That’s powerful information.

 

image credit: by Karin Beil

 


Another Perspective on Focus

Ah ha! I knew it. There’s value in my distractibility.

Or at least there’s value for some. Check out Jonah Lehrer’s piece in The Wall Street Journal:

In recent years, however, scientists have begun to outline the surprising benefits of not paying attention. Sometimes, too much focus can backfire; all that caffeine gets in the way. For instance, researchers have found a surprising link between daydreaming and creativity—people who daydream more are also better at generating new ideas. Other studies have found that employees are more productive when they’re allowed to engage in “Internet leisure browsing……”

I’m not going to feel quite so guilty for daydreaming and surfing!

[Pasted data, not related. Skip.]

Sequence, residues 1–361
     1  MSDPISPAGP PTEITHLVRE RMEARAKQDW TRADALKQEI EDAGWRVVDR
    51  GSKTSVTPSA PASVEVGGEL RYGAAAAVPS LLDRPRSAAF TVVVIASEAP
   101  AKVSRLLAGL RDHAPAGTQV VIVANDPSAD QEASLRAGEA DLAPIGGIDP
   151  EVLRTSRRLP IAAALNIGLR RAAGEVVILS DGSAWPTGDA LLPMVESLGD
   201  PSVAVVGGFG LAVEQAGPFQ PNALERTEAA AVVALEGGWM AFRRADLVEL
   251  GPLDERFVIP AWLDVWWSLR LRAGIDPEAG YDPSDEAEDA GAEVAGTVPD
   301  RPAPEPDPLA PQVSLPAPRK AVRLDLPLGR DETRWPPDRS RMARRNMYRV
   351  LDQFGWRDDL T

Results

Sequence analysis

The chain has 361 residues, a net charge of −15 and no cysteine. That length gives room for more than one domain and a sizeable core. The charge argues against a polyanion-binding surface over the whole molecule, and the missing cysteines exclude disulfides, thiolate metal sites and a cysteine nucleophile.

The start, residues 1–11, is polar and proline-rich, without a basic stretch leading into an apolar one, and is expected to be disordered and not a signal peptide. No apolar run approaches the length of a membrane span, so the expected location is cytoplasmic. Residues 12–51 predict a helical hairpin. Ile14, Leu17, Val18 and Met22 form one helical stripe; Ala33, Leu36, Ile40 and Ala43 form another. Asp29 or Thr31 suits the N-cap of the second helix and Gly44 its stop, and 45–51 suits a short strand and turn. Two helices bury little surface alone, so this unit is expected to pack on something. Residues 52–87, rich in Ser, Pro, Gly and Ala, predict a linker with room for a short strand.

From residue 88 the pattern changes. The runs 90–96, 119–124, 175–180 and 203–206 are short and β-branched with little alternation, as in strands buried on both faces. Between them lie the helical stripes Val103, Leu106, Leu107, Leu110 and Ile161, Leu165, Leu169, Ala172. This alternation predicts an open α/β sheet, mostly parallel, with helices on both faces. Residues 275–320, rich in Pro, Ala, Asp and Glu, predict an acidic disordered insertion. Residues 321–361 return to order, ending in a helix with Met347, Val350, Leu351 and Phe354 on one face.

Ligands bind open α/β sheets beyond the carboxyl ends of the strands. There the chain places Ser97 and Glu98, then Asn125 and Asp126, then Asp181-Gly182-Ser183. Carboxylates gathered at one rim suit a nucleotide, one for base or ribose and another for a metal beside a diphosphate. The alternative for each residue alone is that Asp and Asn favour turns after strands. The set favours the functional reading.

image credit

Is it true? Am I programming forgetfulness?

Brainphoto © 2008 dierk schaefer | more info (via: Wylio)
I am listening to Opening to Our Lives with Jon Kabat-Zinn, a podcast about mindfulness tweeted by @micwalker this morning. But I am also writing this post.

Kabat-Zinn asks: Can you hold this moment in awareness?

No, I can’t.

And I wonder if all this multi-tasking is having a profound effect on my memory. This weekend I attended Educon, a fabulous unconference at the Science Leadership Academy in Philadelphia. Like-minded folks gathered to talk about teaching and learning–and using social media tools to enable this shift we’d like to see.

But that’s not what I want to focus on here. Instead, I want to share two moments of the weekend when I totally forgot a conversation I had had. And it scares me.

One was with my friend @ehelfant, whom I was catching up with at the end of a session.

“Hey,” I asked. “Do you want to walk back to the hotel with us after the next session?”

“Sure,” she responded.

I looked forward to having a few uninterrupted moments to chat with her. And yet, as the next session ended, I wandered downstairs, connecting with two other friends who were waiting, and headed back to the hotel.

“Where are you?” she texted later.